gms | German Medical Science

102. Jahrestagung der DOG

Deutsche Ophthalmologische Gesellschaft e. V.

23. bis 26.09.2004, Berlin

CAR-syndrome (carcinoma-associated retinopathy syndrome) associated with an adenocarcinoma of the cervix

Meeting Abstract

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  • corresponding author S. Seles - Department of Ophthalmology, University of Ulm, Ulm
  • G. E. Lang - Department of Ophthalmology, University of Ulm, Ulm

Evidenzbasierte Medizin - Anspruch und Wirklichkeit. 102. Jahrestagung der Deutschen Ophthalmologischen Gesellschaft. Berlin, 23.-26.09.2004. Düsseldorf, Köln: German Medical Science; 2004. Doc04dogSO.05.14

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Veröffentlicht: 22. September 2004

© 2004 Seles et al.
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CAR is a rare paraneoplastic syndrome. It is most commonly associated with the small-cell carcinoma of the lung. Specific autoantibodies exist against the retina but also against other ocular structures. These are antibodies against the photoreceptor protein recoverin or against alpha-enolase, but other unknown autoantibodies play a role in the pathogenesis, too. They induce apoptotic death of retinal photoreceptor cells and lead to a visual loss or blindness.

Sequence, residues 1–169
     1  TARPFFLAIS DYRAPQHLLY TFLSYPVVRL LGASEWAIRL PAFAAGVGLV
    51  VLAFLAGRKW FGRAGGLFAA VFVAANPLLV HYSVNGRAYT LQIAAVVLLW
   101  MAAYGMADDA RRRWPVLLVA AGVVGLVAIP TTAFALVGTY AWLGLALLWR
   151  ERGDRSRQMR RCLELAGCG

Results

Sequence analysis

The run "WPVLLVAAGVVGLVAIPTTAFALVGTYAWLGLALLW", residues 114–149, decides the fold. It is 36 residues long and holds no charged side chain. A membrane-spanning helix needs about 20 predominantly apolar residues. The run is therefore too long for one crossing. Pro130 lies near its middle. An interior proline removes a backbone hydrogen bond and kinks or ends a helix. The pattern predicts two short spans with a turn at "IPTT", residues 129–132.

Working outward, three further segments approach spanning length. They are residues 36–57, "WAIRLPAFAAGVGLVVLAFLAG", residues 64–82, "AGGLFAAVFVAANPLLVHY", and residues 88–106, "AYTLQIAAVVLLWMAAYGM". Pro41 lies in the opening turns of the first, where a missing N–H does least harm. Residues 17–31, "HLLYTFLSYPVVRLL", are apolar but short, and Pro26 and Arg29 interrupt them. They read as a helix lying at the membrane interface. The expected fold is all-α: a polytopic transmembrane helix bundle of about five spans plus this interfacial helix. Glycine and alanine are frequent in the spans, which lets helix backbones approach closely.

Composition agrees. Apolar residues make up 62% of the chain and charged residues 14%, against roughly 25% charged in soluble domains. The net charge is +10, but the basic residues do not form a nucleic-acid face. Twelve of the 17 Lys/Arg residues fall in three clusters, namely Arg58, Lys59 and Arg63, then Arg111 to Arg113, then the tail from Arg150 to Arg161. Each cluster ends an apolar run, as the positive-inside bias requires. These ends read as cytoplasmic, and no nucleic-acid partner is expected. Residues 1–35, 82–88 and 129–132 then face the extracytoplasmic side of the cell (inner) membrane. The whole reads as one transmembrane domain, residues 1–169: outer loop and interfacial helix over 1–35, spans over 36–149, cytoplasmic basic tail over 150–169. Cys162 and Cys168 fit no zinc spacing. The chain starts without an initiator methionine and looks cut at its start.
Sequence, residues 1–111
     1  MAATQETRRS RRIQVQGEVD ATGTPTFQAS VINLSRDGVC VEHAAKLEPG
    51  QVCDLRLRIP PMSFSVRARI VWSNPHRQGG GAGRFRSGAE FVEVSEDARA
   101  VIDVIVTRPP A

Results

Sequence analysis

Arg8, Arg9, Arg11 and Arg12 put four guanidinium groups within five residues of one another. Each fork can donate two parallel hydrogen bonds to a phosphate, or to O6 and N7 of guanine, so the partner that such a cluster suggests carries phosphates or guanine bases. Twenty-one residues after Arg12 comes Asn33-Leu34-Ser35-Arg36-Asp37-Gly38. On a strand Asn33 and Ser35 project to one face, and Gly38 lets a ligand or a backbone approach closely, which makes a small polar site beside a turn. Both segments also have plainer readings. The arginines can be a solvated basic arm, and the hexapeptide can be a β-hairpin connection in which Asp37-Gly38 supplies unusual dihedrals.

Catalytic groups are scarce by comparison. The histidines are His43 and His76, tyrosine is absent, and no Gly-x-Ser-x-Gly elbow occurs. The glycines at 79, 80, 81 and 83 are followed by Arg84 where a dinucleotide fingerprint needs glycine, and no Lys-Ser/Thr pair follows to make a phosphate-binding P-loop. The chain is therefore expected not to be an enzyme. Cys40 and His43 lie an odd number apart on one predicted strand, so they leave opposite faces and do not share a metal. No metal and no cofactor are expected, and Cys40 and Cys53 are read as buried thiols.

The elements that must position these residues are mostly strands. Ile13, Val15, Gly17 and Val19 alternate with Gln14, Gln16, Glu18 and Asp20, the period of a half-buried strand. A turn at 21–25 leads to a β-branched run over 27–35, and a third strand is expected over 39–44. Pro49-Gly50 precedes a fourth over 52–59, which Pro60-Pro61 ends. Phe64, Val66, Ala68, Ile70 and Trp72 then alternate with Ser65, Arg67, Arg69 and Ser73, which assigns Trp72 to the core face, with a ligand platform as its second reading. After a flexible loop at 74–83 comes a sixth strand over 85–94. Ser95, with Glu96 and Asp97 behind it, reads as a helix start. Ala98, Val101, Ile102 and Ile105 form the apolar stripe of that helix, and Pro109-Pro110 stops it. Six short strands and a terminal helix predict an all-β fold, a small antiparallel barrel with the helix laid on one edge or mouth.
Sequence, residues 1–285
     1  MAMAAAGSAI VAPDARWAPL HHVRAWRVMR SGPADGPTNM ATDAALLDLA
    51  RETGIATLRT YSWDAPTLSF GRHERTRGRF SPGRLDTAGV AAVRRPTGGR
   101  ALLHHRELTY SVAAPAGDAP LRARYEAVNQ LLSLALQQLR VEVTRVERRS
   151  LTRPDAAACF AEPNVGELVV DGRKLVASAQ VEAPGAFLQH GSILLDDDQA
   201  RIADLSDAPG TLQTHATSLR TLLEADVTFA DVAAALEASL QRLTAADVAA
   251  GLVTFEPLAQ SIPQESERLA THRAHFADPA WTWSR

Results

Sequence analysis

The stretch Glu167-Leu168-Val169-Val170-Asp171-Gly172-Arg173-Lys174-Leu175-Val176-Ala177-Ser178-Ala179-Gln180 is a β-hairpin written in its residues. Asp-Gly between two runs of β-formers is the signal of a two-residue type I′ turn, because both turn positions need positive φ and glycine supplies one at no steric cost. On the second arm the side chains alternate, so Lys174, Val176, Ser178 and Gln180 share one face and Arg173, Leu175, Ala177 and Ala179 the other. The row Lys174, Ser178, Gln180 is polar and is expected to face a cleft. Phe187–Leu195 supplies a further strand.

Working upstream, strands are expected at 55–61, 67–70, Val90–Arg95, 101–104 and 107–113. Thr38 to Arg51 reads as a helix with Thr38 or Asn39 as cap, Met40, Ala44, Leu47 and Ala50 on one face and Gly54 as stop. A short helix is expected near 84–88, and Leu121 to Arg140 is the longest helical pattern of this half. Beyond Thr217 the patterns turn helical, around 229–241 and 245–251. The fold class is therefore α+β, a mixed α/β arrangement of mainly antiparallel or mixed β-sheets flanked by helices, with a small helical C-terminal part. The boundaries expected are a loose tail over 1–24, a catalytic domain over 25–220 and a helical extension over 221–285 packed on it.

We report about a 68-year-old patient, who presented in February 2003 with progressive visual dysfunction including visual acuity loss and visual field defects of unknown origin, which first manifested itself in the year 1998.


We found a visual acuity of 0.1 in both eyes, a concentric visual field defect and a central scotoma in the right eye. The scotopic and photopic electroretinogram was markedly reduced. Retinal vasculitis in both eyes, narrowing of the vessels, especially of the arterioles, optic atrophy and window defects in the retinal pigment epithelium were observed on fluorescein angiography. Due to the patients report about a resection of an adenocarcinoma of the cervix in June 2002, she was diagnosed as having CAR-syndrome. Serologic screening by Western blot analysis revealed different specific autoantibodies against retinal proteins (60 kDa, 30 kDa, 23 kDa). The patient was treated with corticosteroid pulse therapy starting with 150 mg and was maintained on 6 mg. The follow-up showed stable findings.


In patients with progressive visual loss, concentric visual field defects and pathologic electroretinogram as well as evidence of retinal vasculitis, a CAR-syndrome has to be ruled out. One has to take into consideration, that visual dysfunction can appear before the primary cancer is diagnosed.